As a medical student, Dr. Julie Oyler was told to remove the cross
she wore on the lapel of her white coat. As a resident, Dr. Aasim Padela
was told he wouldn't have time to recite Islam's five daily prayers.
But ignoring God was not an option for Oyler, an evangelical Christian,
or Padela, a Muslim. Nor should it be, according to researchers at the University of Chicago, where both doctors now freely practice their medical specialties and religious traditions.
discovering that silence on matters of spirituality left some patients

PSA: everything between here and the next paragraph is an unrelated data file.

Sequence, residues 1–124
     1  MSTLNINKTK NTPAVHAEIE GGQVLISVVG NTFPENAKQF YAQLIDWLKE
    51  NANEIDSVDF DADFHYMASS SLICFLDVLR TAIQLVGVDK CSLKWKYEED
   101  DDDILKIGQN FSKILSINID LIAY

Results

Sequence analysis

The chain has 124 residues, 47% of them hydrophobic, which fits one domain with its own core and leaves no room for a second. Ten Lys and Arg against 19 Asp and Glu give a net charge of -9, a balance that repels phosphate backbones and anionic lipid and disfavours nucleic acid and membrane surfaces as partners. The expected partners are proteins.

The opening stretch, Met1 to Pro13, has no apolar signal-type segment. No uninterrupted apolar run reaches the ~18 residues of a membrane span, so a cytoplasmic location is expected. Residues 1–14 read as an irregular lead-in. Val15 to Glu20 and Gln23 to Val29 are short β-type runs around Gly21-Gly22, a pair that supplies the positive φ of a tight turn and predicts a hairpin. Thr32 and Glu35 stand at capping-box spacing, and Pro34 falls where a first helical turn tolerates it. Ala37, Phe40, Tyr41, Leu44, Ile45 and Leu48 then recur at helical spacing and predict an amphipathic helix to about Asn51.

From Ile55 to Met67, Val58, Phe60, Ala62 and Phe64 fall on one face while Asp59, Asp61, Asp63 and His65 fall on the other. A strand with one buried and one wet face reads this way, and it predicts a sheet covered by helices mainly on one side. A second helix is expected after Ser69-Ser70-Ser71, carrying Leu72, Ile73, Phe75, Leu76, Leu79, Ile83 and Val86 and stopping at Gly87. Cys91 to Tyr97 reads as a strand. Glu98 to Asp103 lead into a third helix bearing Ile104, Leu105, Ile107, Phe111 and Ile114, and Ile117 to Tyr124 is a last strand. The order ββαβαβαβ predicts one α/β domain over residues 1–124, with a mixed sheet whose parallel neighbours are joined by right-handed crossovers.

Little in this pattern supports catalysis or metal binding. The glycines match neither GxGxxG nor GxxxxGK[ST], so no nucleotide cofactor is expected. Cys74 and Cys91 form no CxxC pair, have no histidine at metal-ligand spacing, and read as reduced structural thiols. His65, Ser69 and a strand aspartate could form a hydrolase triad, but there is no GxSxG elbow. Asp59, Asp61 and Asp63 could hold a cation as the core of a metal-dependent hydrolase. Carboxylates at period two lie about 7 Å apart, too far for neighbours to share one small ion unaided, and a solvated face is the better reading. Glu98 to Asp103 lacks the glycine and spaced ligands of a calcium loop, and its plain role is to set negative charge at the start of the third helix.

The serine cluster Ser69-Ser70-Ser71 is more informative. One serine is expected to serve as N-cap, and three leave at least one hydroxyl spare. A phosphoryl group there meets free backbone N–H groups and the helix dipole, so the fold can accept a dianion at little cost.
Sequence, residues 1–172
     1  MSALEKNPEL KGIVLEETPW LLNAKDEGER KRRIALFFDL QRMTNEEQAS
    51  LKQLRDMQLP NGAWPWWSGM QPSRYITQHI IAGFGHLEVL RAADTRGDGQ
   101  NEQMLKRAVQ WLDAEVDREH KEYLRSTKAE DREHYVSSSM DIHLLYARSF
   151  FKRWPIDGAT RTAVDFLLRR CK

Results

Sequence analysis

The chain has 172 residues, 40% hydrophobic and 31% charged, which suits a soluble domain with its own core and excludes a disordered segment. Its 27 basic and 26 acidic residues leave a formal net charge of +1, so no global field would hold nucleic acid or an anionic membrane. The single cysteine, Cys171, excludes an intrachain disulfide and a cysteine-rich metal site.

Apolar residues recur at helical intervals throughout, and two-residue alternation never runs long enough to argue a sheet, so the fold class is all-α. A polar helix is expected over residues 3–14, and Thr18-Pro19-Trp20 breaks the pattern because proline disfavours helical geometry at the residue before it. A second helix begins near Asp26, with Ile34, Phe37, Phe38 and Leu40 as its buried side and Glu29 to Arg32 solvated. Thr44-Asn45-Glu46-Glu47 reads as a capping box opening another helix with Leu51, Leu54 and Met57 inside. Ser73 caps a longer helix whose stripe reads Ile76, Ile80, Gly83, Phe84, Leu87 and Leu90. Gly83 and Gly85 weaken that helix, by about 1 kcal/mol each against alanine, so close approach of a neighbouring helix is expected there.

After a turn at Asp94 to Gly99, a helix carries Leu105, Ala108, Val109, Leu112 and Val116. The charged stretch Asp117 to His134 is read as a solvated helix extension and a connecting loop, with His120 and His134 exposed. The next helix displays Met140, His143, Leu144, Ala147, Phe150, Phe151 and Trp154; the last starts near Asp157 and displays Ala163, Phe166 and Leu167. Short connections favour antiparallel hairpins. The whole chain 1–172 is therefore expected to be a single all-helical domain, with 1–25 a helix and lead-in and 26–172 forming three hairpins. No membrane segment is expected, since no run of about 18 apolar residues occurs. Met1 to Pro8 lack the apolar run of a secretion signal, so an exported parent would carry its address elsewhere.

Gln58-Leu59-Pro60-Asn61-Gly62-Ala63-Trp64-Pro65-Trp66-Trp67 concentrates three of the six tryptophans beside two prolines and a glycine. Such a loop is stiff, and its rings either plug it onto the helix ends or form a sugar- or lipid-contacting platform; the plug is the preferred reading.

unsatisfied with the care they received at the University of Chicago,
two doctors there and four faculty scholars chose to examine how some
medical schools either encourage or discourage physicians to integrate
their faiths in conversations with patients and their own professional
lives. Doctors who set their faith aside, they say, can become
disillusioned and less effective.
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